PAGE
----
Thursday, December 31, 2009

New Year Challenge

The coming year promises to be a busy one for anyone teaching HVAC/R. Enrollments are up at schools across the country as people turn to trade schools and technical colleges to increase their employability and earning potential. This is happening at a time when many schools are experiencing budget cuts due to the lagging economy. Other challenges are posed by significant industry changes starting in January due to the elimination of HCFC 22 in new equipment. The year ahead is starting to look like a difficult year. But these events also have a significant potential upside. First, business is booming. The HVAC/R industry has been wishing for years that more people would choose to enter this field because the qualified labor pool keeps shrinking while the need continues to grow. We now have a unique opportunity to help the HVAC/R industry and technical education as well. If we can turn this bumper crop of students into a bumper crop of trained HVAC/R personnel we can make a sizeable dent in the technician deficit and prove the value of the technical education system at the same time. The graduates of Air Conditioning Programs all over the country will be entering the job market just as significant new technologies are being adopted. Technicians who understand how to handle the newer refrigerants, who can work with the increasingly sophisticated control systems, and who read and follow manufacturer’s instructions and technical bulletins will quickly establish themselves as industry leaders. They are the future of both the HVAC/R industry and technical education.

I can hear you saying “how am I supposed to teach more students and adopt newer technology while my budget is being cut?” I will readily admit that is a big challenge, but it is not insurmountable. First, choose course materials that provide a lot of bang for the buck. I believe that Fundamentals of HVAC/R provides an unmatched value for HVAC/R course materials. One text can be used throughout the program, saving on textbook costs. The text is provided with many free additional resources including a powerpoint presentation for each unit in the book, a large test bank of questions, a test generation and management application, and an instructor’s guide that provides a detailed lesson plan for every unit in the book including suggested class activities. However, the really unique feature is the complete turnkey online module, MyHVACLab. Online course delivery and management is the newest buzz in technical education. MyHVACLab is not simply a set of questions that can be imported into a course you are constructing with Blackboard or Angel, it is an already constructed course complete with questions, interactive learning activities, animations, powerpoint presentations, and troubleshooting simulation software. It is ready to go out of the box. However, you are not confined to the default course, you can still build or customize courses any way you want. But with MyHVACLab, you can start with a complete course. To learn more about MyHVACLab click on Fundamentals of HVAC/R.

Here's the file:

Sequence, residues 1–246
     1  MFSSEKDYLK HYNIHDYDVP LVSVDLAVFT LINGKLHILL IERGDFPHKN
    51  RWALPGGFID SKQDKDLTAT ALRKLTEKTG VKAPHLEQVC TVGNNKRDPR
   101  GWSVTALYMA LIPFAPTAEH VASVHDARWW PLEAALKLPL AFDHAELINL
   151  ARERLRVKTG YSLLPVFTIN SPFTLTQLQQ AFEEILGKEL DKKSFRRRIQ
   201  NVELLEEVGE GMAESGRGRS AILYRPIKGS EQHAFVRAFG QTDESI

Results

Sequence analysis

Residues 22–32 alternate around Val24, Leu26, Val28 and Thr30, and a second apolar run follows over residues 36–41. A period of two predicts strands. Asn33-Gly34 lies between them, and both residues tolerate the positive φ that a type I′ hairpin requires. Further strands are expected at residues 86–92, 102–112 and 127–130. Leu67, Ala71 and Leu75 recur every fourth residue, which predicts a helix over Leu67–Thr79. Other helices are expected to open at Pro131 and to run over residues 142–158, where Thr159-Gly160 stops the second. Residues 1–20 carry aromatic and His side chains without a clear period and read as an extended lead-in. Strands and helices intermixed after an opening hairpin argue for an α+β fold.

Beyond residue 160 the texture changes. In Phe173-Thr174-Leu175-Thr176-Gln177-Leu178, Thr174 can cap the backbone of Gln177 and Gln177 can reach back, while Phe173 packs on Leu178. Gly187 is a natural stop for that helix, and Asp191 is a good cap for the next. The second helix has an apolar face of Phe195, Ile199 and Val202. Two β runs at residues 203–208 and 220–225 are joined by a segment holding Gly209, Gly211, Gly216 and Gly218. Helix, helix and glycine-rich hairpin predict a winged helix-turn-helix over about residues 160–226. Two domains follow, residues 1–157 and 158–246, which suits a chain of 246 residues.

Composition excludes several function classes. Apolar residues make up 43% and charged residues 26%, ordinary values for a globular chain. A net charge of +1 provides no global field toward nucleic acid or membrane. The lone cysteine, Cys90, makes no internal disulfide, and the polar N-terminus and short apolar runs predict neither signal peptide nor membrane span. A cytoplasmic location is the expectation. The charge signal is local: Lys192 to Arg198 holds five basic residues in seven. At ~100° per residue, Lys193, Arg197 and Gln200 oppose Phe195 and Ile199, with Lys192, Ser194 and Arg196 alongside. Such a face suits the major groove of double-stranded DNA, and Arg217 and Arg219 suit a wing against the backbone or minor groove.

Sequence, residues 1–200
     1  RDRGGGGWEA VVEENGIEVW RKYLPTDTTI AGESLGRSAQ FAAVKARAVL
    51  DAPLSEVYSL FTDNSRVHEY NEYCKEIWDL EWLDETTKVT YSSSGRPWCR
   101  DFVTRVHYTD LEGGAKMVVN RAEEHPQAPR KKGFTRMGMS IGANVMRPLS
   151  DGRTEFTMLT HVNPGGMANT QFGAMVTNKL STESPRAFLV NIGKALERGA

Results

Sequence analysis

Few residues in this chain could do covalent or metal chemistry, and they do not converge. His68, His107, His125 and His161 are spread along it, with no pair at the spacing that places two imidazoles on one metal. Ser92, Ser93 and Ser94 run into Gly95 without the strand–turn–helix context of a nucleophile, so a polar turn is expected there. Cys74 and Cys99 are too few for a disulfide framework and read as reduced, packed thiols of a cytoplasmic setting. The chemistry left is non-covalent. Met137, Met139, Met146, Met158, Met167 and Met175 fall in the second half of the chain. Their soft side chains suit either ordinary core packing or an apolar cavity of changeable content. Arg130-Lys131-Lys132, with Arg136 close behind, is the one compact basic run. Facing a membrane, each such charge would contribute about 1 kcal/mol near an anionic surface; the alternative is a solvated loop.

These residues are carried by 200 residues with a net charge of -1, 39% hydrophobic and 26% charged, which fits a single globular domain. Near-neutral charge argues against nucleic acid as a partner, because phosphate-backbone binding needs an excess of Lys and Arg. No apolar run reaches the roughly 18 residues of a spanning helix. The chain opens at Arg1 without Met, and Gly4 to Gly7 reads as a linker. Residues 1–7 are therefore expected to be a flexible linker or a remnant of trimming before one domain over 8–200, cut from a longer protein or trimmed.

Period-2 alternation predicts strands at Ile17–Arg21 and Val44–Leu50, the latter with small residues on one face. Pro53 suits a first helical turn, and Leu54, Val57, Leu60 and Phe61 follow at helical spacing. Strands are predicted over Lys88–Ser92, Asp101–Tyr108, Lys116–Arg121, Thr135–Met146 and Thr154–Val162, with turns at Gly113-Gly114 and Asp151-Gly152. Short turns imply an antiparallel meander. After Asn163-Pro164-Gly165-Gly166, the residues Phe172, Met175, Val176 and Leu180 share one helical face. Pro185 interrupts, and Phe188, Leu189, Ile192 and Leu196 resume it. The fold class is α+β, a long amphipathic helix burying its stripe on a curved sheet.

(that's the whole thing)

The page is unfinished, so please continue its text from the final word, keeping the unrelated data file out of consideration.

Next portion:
The payoff for adopting on-line course material is more than the fact that it can simplify your life. Having on-line course material impresses administrators. Your chance of successfully competing for scarce financial resources increases when you give administrators something they can show off. People invest in success. If you show success integrating online technology with your curriculum resources will follow.

Another way to stretch your training dollars is to utilize free online materials available from equipment manufacturers. It takes an investment of time to find them, but many OEM parts manufacturers, equipment manufacturers, and even wholesalers have articles, animations, powerpoints, and educational material available online to anyone who wants to download it. This material does often come in the form of product promotion, but it is typically professionally produced, technically accurate, and free.

Talk to local distributors, wholesalers, and contractors about equipment donations. Often they can get more by way of tax writeoff for a scratch and dent special or an old model by donating it to you than if they sold it. All manufacturers send equipment to third party testing organizations for testing. Afterwards, this equipment cannot be sold as new even though it only operated for a few hours. Again they can probably do better financially by donating the equipment.

Make your own trainers. Who knows better what you need to train with than you? You already have or can get the parts, and you have slave labor (students). The students building the trainers receive great experience doing things you might not be able to have all students do. Future students receive the benefit of using a trainer designed by the person who knows the most about what your students need – you.

This all boils down to one thing: you are being presented with both the challenge and opportunity to work harder than you have ever worked before. By accepting the challenge you have the power to make a positive impact on the lives of your students and on the industry as a whole.

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